Whenever there is mention of custom ROMs for Android, AOKP is one of the first to come to mind. Over the past year, the popularity of this source-built ROM has skyrocketed to make it one of the most recognizable third party development projects. Though over the past few months, several AOKP users (including myself) decided to jump ship to other ROMs because of the delay in a release based on Android 4.2. There is good news: The wait is over, as Team Kang has officially released Android 4.2.1-based AOKP JB-MR1 Build 1, starting with the Nexus line of devices.
As with the changes in Android 4.2 from 4.1, the changes in this AOKP release from the previous one aren’t as many as we’ve seen in previous major releases. However, they are still substantial enough to improve the overall user experience. Apart from all the AOKP features of the previous Jelly Bean builds, you’ll get:
The Nexus line of devices was the primary focus of AOKP since its very inception, and they are the first ones to get this release as well. However, that doesn’t mean other devices will be left out. The team is working on Galaxy S II, S III, Note, and Note II support for the next build, with builds for many other devices to follow. Until then, you can grab the ROM for Nexus devices from the following links:
The team is also planning a return to its (bi)weekly release schedule once builds for more of the officially supported devices are ready. More information can be found at the AOKP website.
January 9, 2013 By: Joseph Hindy
Booting into multiple versions of Android have become kind of quite common around these parts. There are many devices that can dual boot. Usually it’s in the form of an OEM-skinned ROM and a AOSP-based ROM, which users choose to flash. Recently however, developers have been pushing a little further than that. The HTC HD2 received triple boot, where it could boot not only into three different ROMs, but those were actually different operating systems. Now, the Barnes & Noble Nook Tablet can quad-booting.
XDA Forum Member malloneem wrote a tutorial that allows users to flash up to three ROMs on a SD card, while leaving the stock Nook software on the tablet’s storage. That’s four total bootable ROMs. As malloneem explains:
This is a guide to use with Windows to create a 3-Boot SD card for a nook Tablet 8GB or 16 GB. After you are done you will be able to choose to boot into your regular nook OS or choose between CM7, CM9 or CM 10.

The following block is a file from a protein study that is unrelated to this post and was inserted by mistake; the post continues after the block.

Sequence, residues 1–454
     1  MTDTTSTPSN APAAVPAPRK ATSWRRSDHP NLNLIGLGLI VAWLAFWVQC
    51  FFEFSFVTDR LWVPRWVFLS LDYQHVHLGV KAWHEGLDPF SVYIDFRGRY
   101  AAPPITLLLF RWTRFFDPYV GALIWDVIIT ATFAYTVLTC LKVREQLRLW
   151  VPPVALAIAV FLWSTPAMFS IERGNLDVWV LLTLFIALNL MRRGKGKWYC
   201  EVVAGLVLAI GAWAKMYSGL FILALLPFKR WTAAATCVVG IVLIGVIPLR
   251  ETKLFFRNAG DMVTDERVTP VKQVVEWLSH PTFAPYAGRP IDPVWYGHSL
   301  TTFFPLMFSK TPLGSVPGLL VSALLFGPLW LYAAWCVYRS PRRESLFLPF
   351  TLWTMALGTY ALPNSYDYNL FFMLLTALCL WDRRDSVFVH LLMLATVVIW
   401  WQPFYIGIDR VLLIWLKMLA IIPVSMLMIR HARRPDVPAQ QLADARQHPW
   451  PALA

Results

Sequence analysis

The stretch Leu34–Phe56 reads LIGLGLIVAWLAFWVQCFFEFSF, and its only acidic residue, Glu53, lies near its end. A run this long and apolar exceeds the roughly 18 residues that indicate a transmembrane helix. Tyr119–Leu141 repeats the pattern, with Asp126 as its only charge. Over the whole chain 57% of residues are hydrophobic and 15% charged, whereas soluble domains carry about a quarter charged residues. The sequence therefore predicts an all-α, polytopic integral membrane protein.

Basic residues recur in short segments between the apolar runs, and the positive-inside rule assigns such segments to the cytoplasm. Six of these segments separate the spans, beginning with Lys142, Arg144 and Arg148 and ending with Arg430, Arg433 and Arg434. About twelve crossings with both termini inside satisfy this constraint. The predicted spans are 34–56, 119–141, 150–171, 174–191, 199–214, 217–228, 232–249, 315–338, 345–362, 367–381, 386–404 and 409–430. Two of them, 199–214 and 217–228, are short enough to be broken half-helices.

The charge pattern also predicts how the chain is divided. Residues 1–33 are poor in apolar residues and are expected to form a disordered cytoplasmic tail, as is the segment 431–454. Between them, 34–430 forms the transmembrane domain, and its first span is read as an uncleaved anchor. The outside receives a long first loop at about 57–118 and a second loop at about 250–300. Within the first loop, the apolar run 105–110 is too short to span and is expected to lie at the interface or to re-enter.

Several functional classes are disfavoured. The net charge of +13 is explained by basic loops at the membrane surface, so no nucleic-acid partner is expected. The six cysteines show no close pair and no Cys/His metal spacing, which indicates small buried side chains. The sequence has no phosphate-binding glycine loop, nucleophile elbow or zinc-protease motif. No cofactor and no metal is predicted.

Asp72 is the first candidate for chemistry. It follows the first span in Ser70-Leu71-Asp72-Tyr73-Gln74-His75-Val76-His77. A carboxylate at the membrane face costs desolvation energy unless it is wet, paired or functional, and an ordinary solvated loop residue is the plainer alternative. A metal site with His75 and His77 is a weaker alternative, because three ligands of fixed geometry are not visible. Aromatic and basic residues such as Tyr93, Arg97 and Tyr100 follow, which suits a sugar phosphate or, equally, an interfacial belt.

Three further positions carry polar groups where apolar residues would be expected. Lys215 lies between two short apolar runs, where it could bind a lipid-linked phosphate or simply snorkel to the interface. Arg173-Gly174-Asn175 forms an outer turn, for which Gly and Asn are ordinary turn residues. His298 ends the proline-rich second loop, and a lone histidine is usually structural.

As stated by the developer, this can only be accomplished through Windows at the moment. Users will be run through the partition process in such a manner that three ROMs can run from it. That is really the majority of the tutorial. Then it’s a matter from grabbing ROMs from the various ROM developers and installing them all. It’s a long and tedious process, though, so make sure to have an afternoon to dedicate.
To see the whole tutorial, check out the original thread.
January 9, 2013 By: Haroon Q. Raja
Lately, several devices have been getting Jelly Bean in form of CM 10 and CM 10.1 ports. Recently, we brought you unofficial CM10.1 ports for the Nook HD+ and Samsung Galaxy Fit. Now, the Galaxy Player 5 and Strait Talk Galaxy S2 have joined the club, thanks to unofficial ports by XDA Forum Members Mevordel and mr-cook, respectively.
The Straight Talk SGS2 port is based on Android 4.2.1, and should work fine as a daily driver. The developer also provides several other useful goodies in the thread, including ClockworkMod recovery, stock and AOSP modems, and the stock factory image and flashing instructions to get a clean start.
Moving on to the Galaxy Player 5 port, it’s an early release with a lot of work yet to be done to make it suitable enough for daily use. Currently Bluetooth, Camera, and the earpiece aren’t functional. You do, however, get sound through the speaker on the back. The capacitive buttons are also not working on international version, and only earphones with a built-in microphone work. The port is still work in progress, and hopefully these issues will be sorted out soon in a future release.
Booting Android from an SD card has become somewhat of a trend in recent weeks. In most cases, it’s been on devices that don’t run Android as a stock OS, and users have the option to run Android and the device’s stock OS. Now, similar functionality is available for the Samsung Wave.